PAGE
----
You may be one of them: The 4 in 5 American adults who supplement with vitamins and minerals on the daily. If so, chances are you consistently reach for a multivitamin. It’s no wonder: Plenty of multivitamins pack a potent punch, supplying you with the essential micronutrients you need to function at your peak. While supplements should never replace food—they’re called “supplements” for a reason—they can boost an already-wholesome diet or fill in nutritional holes resulting from pregnancy, chronic conditions and more. In other words, multivitamins are a form of health insurance—and many know it.
And yet, ask the average U.S. resident what, exactly, their multivitamin contains, and you may receive a pleasant but confused shrug. Which is a shame, really, as not all multivitamins are created equal. In addition to heavy hitters such as vitamin C, magnesium, folate, and vitamin D, your multivitamin ought to include vitamins and minerals that’ll naturally encourage well-being.
Here are five multivitamin ingredients you should seek out in your multi, 3 “extras” you might benefit from, and how to get more of these nutrients in your diet:
While Americans may be known for their consumption of dairy products, The Journal of Nutrition reports that only 32% of U.S. residents meet the adequate intake of calcium through diet. As a key player in a number of bodily functions—including bone health, muscle contractions, hormone secretion, blood clotting and more—meeting the daily recommended requirement is crucial to whole-body health. Look for a multivitamin that contains this gem.†
Eat Smart: Yogurt, milk and cheese may be the first foods you think of when calcium enters the conversation, but seafood and plants brim with calcium too. Reach for curly kale, almonds, salmon and sweet potatoes to get your bone-mineral hit.
Zinc lozenges have become trendy in recent years, and yet you shouldn’t only remember to take this essential trace element when you’re sick. Acting as an antioxidant within the body, zinc organically supports protection from free radical damage, immune health and metabolism. According to the Mayo Clinic, women should get 8 mg per day; men, 11 mg. A multivitamin should contain 50% of your RDA.†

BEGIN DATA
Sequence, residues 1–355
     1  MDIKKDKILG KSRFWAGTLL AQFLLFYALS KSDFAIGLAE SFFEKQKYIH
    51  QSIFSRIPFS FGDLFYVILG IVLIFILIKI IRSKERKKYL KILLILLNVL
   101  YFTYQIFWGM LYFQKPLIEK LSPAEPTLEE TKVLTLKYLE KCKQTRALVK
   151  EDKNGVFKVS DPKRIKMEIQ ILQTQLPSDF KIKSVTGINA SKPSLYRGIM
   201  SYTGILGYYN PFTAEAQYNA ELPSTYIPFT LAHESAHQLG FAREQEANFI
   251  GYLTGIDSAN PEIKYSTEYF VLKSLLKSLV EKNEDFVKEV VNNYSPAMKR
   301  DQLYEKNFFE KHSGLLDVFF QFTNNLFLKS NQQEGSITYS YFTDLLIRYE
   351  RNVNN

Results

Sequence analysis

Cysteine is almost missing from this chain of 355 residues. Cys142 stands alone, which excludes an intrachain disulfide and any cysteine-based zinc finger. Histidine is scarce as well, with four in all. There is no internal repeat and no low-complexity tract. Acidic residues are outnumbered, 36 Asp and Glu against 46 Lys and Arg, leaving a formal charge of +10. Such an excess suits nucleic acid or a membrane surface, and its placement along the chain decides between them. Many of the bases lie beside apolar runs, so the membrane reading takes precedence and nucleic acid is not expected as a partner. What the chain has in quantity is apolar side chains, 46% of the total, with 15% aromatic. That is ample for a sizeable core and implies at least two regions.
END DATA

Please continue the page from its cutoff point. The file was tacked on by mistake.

Eat Smart: Happen to be a fan of seafood? You’re in luck: Oysters, Alaskan king crab, and lobster are excellent sources of zinc. Lentils, yogurt, oatmeal and mushrooms supply great amounts of the nutrient too.
Iron has long been associated with healthy red blood cells and increased energy levels, but new research shows that the nutrient may support brain power too: Researchers at Pennsylvania State University and the University of Nebraska at Lincoln found that students with normal iron levels had higher GPAs (this was especially true when adequate iron was paired with fitness). What’s more, iron naturally supports your immune system. The recommended daily amount for adults is 18 mg.†
Eat Smart: While foods derived from animals such as beef, chicken, eggs, and fish contain a type of iron that’s more easily absorbed (heme iron), a number of plant-based foods are rich in non-heme iron and can supply you with the amounts you need. These include spinach, pumpkin seeds, quinoa, dried apricots and—if you ever needed an excuse—dark chocolate.
It may be often overlooked—or not known at all—but selenium is central to health as well; as Prevention puts it, “Considering how vital selenium is to your health and weight, it’s lucky that you don’t need much of this mineral.” While you need only a trace of this, well, trace mineral, you do need it for a variety of activities, including proper thyroid function, tissue repair, immunity, blood flow and, yes, metabolism. Those ages 14 and up should aim for 55 micrograms per day, while pregnant women should shoot for 60 micrograms.†
Eat Smart: One of your best bets for selenium? Brazil nuts. These earthy wonders boast 554 mcg of selenium in as little as 4-6 nuts. Other top options include yellowfin tuna, turkey, chicken, and cottage cheese.
5. Vitamin B12
The B vitamin complex is indispensable to total body health. A water-soluble vitamin—meaning, it’s not stored in your body and must be derived from food and/or supplements—it plays a strategic role in a series of physical functions, from naturally supporting the health of your central nervous system to organically fostering a better night’s sleep. Additionally, vitamin B12 facilitates energy production and the construction of DNA. The recommended amount is less than 3 micrograms per day.†
Eat Smart: Nonfat plain Greek yogurt, fortified cereal and canned tuna are all terrific options for getting more B12 into your diet.
Multivitamin Extras: 3 Blends to Try
1. Whole food blends
…and we’re not talking about the designer health food chain, either. “Whole Food” multis are exactly what they sound like: Multivitamins that contain whole food concentrates (as well as additional vitamins and minerals). Blends of these sort are ideal, in that they’re made up of fewer synthetic ingredients and more natural elements. One to try: Dr. Mercola's Whole-Food Multivitamin.
2. Probiotic multivitamins
Probiotics organically bolster gut health. Pair them with a spectrum of essential nutrients—such as vitamin E and niacin—and you have yourself a dual-purpose, winning product. Look for probiotic multivitamins that contain 1 billion CFUs of key probiotic strains, such as L. acidophilus and B. infantis.†
3. Enzyme blends
Enzymes assist the body digest and absorb nutrients. Adding enzymes to multivitamins improves the utilization of the vitamins and minerals contained in the product—and enhances your overall health.†
†These statements have not been approved by the Food and Drug Administration. These products are not intended to diagnose, treat, cure or prevent disease.